Trump’s Intel Pick Says He “Put Terrorists in Prison.” It May Be Just One Guy with a Fake Bomb.

A VICE News review of John Ratcliffe’s crime-fighting years in Texas found no sign that he ever prosecuted a terrorist.
Trump’s Intel Pick Says He “Put Terrorists in Prison.” It May Be Just One Guy With a Fake Bomb.

Update 5:10 p.m. ET 8/2: President Trump announced he was withdrawing John Ratcliffe's nomination Friday afternoon on Twitter.

WASHINGTON — John Ratcliffe, Trump’s new pick to lead U.S. intelligence agencies, has claimed he “put terrorists in prison” while serving as U.S. Attorney and Chief of Anti-Terrorism in East Texas under President George W. Bush.

But unless you count the angry husband who tried to pin a fake bomb threat on his “terrorist” Russian internet bride, or the guy who released “harmful” Asian carp into golf-course water hazards, you’ll find a hard time appreciating Ratcliffe’s anti-terror resume.


A VICE News review of Ratcliffe’s crime-fighting years in Texas found no sign that he ever prosecuted a terrorist. He also appears to have inflated his role in the major terror-financing case that occurred during his tenure in an adjacent district. Now, questions about Ratcliffe’s background are set to face fresh scrutiny when the Senate considers his nomination to replace Dan Coats as Trump’s director of National Intelligence.

When VICE News inquired about the dearth of terror-related cases on the congressman’s public record, a spokeswoman for his office insisted he was regularly involved in top-secret matters while working in law enforcement in Texas.

“Department of Justice records will confirm that as both Chief of Anti-Terrorism and National Security for the Eastern District of Texas and as U.S. Attorney, John Ratcliffe opened, managed and supervised numerous domestic and international terrorism related cases,” including the terror financing investigation in North Texas, the spokeswoman wrote in an email.

But she didn’t offer any details.

“Hoaxes are terrorism crimes”

Ratcliffe didn't always appear so self-assured about his "anti-terror" credentials. When he first heard about the role investigating and prosecuting terror cases in the Eastern District of Texas, he thought “it was pretty unlikely” he’d get the job, Ratcliffe told the Dallas Morning News in 2005.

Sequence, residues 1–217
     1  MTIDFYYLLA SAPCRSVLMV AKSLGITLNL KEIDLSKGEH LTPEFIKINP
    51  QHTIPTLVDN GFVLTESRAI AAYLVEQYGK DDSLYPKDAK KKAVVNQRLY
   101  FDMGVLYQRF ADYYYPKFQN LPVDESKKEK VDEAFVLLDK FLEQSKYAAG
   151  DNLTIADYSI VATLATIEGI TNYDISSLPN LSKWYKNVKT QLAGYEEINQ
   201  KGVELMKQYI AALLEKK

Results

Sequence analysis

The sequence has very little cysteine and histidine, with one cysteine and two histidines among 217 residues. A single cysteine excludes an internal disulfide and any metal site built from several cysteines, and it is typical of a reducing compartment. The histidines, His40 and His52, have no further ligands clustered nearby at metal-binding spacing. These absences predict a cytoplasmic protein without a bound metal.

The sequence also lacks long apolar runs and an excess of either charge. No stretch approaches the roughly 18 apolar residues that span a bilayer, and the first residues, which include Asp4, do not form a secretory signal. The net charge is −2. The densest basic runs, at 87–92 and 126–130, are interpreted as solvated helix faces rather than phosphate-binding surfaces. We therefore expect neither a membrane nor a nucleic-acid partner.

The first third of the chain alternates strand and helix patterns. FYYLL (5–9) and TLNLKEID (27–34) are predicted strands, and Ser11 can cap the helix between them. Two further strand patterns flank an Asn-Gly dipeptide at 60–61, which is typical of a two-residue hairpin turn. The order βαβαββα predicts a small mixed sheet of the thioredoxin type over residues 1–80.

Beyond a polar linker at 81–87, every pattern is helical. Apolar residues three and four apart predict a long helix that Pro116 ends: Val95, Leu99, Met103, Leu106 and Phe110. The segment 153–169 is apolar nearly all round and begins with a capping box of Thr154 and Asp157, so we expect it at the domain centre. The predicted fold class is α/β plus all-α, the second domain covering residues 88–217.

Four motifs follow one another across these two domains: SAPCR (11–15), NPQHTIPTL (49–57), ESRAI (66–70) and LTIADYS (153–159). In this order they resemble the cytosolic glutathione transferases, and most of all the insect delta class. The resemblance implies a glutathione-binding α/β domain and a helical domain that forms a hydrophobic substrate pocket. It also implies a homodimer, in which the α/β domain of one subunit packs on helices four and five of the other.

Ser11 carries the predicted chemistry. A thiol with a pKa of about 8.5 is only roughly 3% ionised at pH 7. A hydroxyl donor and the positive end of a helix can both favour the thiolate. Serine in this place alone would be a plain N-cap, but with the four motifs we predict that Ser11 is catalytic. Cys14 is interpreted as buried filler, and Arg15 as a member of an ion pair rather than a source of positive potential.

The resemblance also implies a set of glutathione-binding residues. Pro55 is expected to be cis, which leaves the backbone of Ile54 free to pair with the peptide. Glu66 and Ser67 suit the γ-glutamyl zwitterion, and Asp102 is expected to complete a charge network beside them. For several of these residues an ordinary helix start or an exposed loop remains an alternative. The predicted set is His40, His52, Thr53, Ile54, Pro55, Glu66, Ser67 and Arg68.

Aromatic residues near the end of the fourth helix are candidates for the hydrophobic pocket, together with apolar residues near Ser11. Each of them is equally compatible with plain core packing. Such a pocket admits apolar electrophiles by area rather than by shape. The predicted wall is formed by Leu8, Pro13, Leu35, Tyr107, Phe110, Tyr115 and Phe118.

As mayor of Heath, Texas (pop. 7,000), he had no military or law enforcement background, and no “specialized training,” he said.


“There are times that I think I may be in over my head,” he said. But not all terrorism involves a grand, 9/11-style conspiracy, he noted, and part of the job might involve busting terror “hoaxes.”

“Threats and hoaxes are terrorism crimes because they undermine public safety and public confidence,” Ratcliffe told the paper.

Ratcliffe’s office did uncover at least one terror hoax, perpetrated by an enraged husband searching for his missing wife.

“There are times that I think I may be in over my head”

The man allegedly blamed his own bogus bomb threat on the Russian bride he “met over the internet,” who “voluntarily left him,” according to a press release from Ratcliffe’s office.

The husband demanded officials help him find the woman, alleging, “among other things, that she was a terrorist,” the press release said.

“ICE agents determined that there was no basis for the terrorist allegation, and came to suspect that [the man] had called in the tip in order to have federal authorities search for the wife,” the statement said.

A review of publicly available court records and press releases distributed by Ratcliffe’s office during his tenure as U.S. Attorney turned up no other incidents of potential terrorism. Instead, the files suggest a focus on immigration and drugs, with the occasional curveball, like the local man accused of smuggling “50 unsterilized Asian Grass Carp” from Arkansas onto a golf course in Texas without a permit.


The man “transported the fish across state lines in furtherance of his commercial business of retrieving golf balls from golf course water hazards,” Ratcliffe’s office said. A flood “would allow the fish to escape the golf course and threaten native vegetation, including endangered Texas wild rice.”